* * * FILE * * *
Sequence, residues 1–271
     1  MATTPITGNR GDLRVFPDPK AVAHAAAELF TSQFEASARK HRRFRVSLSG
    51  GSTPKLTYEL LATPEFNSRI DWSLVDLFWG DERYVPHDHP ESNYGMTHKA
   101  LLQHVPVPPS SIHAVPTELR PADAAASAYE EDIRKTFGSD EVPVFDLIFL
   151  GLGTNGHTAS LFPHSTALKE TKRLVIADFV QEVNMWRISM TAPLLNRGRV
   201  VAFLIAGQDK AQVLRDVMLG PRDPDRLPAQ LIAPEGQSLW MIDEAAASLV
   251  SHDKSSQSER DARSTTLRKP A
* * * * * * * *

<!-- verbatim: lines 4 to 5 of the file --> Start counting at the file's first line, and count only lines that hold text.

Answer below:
   101  LLQHVPVPPS SIHAVPTELR PADAAASAYE EDIRKTFGSD EVPVFDLIFL
   151  GLGTNGHTAS LFPHSTALKE TKRLVIADFV QEVNMWRISM TAPLLNRGRV